Nishikori says hopes to fill Li void in Asia

Sat Sep 20, 2014 1:31am EDT
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By Ian Ransom

(Reuters) - The retirement of China's Li Na may have robbed Asian tennis of its brightest star, but U.S. Open finalist Kei Nishikori has put up his hand to fill the breach.

With Li's departure, the 24-year-old Japanese is now Asia's top player, having reached a career high ranking of eight after his fairytale run at Flushing Meadows.

"I was shocked. It is sad that I can't see her play anymore," Nishikori told reporters in Hong Kong, where he helped launch the ATP tour's Asian swing of tournaments.

"I think Li Na and some other Chinese ladies have done so many amazing things for Asian tennis.

"She won grand slams that we have never done before. I hope she can still be involved in tennis and I hope I can be the next one to lead Asian tennis."

Having become the first man from an Asian country to reach a grand slam final, Nishikori would appear a worthy successor to the 32-year-old Chinese, who became the continent's first grand slam title winner with her breakthrough at the 2011 French Open.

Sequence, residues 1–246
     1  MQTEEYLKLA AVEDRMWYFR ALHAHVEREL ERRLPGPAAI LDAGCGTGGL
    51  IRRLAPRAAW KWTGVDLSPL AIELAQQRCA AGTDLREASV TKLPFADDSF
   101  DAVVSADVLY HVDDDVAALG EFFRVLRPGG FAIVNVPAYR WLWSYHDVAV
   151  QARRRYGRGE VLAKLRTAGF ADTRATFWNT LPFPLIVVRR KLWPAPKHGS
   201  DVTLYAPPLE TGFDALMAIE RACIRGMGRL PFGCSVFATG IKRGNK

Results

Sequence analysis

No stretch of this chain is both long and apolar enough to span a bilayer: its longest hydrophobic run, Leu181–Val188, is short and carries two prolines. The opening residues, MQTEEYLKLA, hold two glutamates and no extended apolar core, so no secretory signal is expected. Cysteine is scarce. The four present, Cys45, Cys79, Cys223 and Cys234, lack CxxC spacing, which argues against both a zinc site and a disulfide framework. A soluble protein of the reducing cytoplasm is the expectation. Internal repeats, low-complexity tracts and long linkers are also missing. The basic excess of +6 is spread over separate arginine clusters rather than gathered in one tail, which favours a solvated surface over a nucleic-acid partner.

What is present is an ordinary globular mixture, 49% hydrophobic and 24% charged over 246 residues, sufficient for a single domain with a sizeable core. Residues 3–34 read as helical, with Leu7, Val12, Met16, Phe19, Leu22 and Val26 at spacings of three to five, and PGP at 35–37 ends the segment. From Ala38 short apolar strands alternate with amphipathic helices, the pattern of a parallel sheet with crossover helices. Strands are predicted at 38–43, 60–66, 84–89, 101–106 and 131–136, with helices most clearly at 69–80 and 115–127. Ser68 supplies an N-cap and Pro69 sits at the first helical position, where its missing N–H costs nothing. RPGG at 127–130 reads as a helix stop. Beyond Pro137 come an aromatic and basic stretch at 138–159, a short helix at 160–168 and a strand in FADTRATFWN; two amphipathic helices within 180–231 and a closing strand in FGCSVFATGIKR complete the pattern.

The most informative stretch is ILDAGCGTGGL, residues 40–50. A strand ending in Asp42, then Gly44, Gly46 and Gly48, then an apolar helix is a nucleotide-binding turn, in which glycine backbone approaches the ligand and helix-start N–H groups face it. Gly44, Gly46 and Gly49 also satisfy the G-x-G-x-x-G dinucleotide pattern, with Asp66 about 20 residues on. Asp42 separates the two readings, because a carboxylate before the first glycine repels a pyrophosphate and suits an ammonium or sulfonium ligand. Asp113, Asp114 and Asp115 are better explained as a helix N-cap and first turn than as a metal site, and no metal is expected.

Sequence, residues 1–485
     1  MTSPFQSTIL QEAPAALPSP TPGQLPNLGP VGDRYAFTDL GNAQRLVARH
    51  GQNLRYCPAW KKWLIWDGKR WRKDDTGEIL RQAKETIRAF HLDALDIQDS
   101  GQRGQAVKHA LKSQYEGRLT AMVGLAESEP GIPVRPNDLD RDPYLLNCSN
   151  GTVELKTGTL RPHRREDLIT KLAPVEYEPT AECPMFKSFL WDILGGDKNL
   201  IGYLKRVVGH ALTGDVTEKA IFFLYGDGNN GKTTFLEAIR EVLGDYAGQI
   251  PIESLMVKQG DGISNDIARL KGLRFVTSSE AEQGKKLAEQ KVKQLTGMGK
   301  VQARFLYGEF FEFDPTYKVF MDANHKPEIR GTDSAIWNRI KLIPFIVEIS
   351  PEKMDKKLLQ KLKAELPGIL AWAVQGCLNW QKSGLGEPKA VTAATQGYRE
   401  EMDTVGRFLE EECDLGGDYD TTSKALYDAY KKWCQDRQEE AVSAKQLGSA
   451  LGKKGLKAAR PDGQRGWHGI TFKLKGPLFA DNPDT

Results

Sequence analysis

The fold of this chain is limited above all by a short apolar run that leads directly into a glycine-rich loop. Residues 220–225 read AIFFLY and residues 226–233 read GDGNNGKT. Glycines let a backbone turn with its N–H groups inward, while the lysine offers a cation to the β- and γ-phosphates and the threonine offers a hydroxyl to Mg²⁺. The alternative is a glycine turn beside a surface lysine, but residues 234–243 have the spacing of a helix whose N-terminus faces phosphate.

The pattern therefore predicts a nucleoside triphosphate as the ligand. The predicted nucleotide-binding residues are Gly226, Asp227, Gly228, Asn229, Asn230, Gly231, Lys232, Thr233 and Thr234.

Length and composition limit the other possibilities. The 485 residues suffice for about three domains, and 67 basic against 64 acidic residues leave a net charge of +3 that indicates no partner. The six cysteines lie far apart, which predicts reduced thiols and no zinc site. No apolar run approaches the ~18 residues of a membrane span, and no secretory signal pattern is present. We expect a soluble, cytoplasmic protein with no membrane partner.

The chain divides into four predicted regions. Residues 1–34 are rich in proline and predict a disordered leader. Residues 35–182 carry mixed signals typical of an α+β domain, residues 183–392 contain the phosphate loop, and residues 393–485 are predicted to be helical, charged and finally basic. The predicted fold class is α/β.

Li's late-blooming career -- she won at Roland Garros when 29 and at Melbourne Park this year as a 31-year-old -- should also give Nishikori some confidence that his best tennis is ahead of him.

With Li out of the picture, Nishikori is also far and away the continent's top earner, ranked ninth in the sport's top 10 overall, according to an annual survey released by last month.   Continued...

Kei Nishikori of Japan holds his runner up trophy as he looks at the winner's trophy after being defeated in the men's singles final match by Marin Cilic of Croatia at the 2014 U.S. Open tennis tournament in New York, September 8, 2014.          REUTERS/Mike Segar